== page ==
Job hunting has changed over the years. Gone are the days of printing and mailing a letter of inquiry or scanning the classified ads in the newspaper. Gone, too – at least for the time being – are networking events and traditional career fairs where social distancing is tricky.
It’s necessary to have the best digital tools available to navigate the reality of our online-first job market. That’s why UNLV soon will be rolling out Handshake, one of the leading online employment portals on the web (don’t worry: no actual handshakes required).
Handshake is similar to career networking sites like LinkedIn but allows more, and more specific, job matches through advanced filtering and a focus on specific skill sets. It also uses algorithms to push appropriate jobs toward students and simplifies the process for employers to find the best candidates nationwide.
UNLV Handshake will replace a number of platforms currently serving students and alumni starting July 1. UNLV’s Hire-a-Rebel, as well as the independent platforms used by the William F. Harrah College of Hospitality, Howard R. Hughes College of Engineering, and Lee Business School, will all transition to UNLV Handshake simultaneously.
“Most campuses experience a three-fold increase in employers seeking students and alumni once they join Handshake,” said Eileen McGarry, executive director of UNLV career services. “That will be exceptionally helpful as we rebound from the current economic downturn due to COVID-19.”
The move will align UNLV with sister universities such as UNR, Nevada State College, and Arizona State University, all of which are already using Handshake.
UNLV has loaded 13,000 employers into Handshake so far, McGarry said, and is in the process of recruiting more. Employers can log on and create a profile on the portal beginning June 1; alumni and students can begin job hunting July 1.
Handshake will be the portal through which UNLV employees can find student workers, too. Many of those positions often turn into careers.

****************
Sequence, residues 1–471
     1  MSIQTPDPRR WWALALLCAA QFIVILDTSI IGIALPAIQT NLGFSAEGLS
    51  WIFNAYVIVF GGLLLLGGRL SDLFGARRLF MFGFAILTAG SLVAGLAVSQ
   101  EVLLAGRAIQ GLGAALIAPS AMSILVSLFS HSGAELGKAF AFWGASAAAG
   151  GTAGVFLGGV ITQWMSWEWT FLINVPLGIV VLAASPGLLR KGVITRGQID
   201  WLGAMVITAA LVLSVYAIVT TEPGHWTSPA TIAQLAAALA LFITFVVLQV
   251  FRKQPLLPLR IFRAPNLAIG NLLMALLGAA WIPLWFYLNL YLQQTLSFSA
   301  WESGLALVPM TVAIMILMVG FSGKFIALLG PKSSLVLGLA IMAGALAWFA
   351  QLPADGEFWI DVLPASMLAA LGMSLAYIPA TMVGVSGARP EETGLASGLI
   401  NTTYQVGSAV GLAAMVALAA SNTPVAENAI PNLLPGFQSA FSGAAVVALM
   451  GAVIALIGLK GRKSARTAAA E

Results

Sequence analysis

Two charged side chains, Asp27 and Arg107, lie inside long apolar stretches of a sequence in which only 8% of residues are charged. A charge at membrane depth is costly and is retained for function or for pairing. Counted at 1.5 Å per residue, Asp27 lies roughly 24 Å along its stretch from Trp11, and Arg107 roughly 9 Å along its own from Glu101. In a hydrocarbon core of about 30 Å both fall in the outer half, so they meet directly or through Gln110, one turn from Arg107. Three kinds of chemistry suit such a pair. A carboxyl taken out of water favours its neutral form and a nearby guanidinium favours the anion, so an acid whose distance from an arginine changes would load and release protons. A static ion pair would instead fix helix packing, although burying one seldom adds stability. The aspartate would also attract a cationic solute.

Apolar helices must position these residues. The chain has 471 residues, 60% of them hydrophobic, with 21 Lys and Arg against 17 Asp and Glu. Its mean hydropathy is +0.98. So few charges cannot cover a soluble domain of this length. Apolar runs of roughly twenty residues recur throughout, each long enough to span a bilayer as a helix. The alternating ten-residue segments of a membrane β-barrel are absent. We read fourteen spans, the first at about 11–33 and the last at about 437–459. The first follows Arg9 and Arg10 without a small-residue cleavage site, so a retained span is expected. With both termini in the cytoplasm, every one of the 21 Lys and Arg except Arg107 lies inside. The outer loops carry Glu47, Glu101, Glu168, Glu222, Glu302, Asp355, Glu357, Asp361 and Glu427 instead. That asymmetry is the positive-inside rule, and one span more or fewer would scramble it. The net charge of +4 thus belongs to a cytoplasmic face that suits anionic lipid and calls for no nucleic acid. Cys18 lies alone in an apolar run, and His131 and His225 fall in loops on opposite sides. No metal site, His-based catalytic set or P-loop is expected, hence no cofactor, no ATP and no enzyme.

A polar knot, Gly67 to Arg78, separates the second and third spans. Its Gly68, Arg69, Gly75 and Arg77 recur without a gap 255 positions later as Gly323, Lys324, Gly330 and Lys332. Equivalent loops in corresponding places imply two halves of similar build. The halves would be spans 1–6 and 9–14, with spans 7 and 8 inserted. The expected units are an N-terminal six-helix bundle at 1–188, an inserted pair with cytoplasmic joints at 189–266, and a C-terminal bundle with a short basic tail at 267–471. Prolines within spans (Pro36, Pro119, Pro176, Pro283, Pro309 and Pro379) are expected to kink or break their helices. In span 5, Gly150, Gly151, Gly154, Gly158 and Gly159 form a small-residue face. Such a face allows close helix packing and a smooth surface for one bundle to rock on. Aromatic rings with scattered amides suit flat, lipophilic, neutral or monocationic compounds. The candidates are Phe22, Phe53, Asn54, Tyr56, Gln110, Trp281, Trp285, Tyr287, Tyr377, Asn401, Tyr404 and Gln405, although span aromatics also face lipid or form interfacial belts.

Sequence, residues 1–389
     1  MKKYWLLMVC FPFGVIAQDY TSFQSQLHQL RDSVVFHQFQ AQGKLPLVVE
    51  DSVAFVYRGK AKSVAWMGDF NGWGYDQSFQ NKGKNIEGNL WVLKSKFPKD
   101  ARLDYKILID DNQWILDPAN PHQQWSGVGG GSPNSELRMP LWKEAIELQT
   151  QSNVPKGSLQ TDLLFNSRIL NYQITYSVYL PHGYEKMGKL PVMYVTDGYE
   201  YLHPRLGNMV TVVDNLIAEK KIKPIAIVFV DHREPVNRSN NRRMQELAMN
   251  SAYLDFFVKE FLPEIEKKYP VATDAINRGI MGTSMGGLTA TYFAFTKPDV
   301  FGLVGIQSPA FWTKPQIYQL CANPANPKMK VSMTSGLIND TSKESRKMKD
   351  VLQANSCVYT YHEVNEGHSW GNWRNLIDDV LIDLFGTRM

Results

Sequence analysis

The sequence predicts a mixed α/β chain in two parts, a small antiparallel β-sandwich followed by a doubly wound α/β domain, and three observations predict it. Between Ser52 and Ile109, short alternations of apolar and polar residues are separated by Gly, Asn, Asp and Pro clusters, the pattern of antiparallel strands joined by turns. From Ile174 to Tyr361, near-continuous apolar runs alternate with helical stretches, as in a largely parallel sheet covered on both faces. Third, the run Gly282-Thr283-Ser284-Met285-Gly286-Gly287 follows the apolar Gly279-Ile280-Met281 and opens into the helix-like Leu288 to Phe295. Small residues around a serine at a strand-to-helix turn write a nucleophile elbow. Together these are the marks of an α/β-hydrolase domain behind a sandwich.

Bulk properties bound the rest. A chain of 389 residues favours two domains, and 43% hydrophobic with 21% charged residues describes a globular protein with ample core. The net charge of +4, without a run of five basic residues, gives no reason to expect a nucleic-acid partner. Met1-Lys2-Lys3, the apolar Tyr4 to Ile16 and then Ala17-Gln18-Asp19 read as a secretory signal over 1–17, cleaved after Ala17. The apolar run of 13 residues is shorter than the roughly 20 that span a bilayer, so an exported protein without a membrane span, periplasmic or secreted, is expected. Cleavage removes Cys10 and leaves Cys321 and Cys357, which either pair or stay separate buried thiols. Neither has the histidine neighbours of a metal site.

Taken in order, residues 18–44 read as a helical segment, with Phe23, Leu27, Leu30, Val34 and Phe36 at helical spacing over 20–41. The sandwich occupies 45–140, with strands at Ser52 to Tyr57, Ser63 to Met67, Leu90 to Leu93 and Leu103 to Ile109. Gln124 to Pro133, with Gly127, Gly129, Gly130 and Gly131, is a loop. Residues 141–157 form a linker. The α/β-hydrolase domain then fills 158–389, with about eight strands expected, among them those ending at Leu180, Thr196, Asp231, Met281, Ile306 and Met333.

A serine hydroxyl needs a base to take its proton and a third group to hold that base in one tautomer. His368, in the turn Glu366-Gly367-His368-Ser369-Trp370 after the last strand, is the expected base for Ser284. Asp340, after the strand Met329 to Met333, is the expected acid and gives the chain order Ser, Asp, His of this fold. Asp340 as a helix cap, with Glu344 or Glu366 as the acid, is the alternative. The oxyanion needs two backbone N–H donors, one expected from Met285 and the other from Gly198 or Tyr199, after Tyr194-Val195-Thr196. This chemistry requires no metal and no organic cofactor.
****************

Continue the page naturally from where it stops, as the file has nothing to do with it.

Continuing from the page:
Rae Alfonso, ’18 BS Graphic Design and Media, found a job as a student worker at UNLV online.
“I was taking advantage of my resources,” said Alfonso. “I wanted a job that was related to my major, graphic design. I was really particular about working in my field rather than at something that would just make money.”
The strategy paid off. Alfonso landed a job as a student designer for Enrollment and Student Services. Today she is full-time with the department.
“I’m always learning with this job,” Alfonso added. “I get to stay creative and do what I like.”
But student workers and UNLV employers won’t be the only beneficiaries of Handshake. Career service professionals across campus are anticipating its advantages, as well.
“Handshake gives Lee Business School and UNLV the opportunity to play in other markets where we didn’t have an entry point previously,” said Joe Protopapa, director of career and professional development with the Lee Business School.
For example, business recruiters from other markets may not have made a trip to Las Vegas when they could travel to a city like Los Angeles, which offers access to graduates from many more universities at once. But current economic realities have become a catalyst for even more online recruitment and hiring. As travel budgets get cut, more and more companies will turn to finding and vetting candidates via the web.
“It gives students access that they wouldn’t have otherwise, unless they spent hours and hours combing the Internet,” Protopapa said.
Marian Mason, College of Engineering career services coordinator, agreed.
"Handshake will democratize job opportunities for our students, regardless of where they live,” she said. “Students and recent grads will now be able to share advice and learn from each other. First-gen and impoverished students who have more of a struggle finding employment will now be able to better market themselves and track down jobs, too.”
For markets like hospitality, which is recovering from the coronavirus crisis, Handshake can be a game-changer.
Hospitality students and graduates may consider applying their skills in other industries while the market recovers, said Maggie Hausbeck, executive director of alumni engagement and career services for the College of Hospitality.
Ranked among the top programs in the nation, in a typical year Hospitality has more than 100 national and international resort brands vying for its graduates. Recruiting will resume one day, Hausbeck said, and it's the university’s job to help students maintain industry connections in the meantime.
“Handshake is a tremendous opportunity for our students in terms of access to positions,” she added. “People need to have as many options available to them now more than ever.”
Employers seeking to hire UNLV talent can register for Handshake.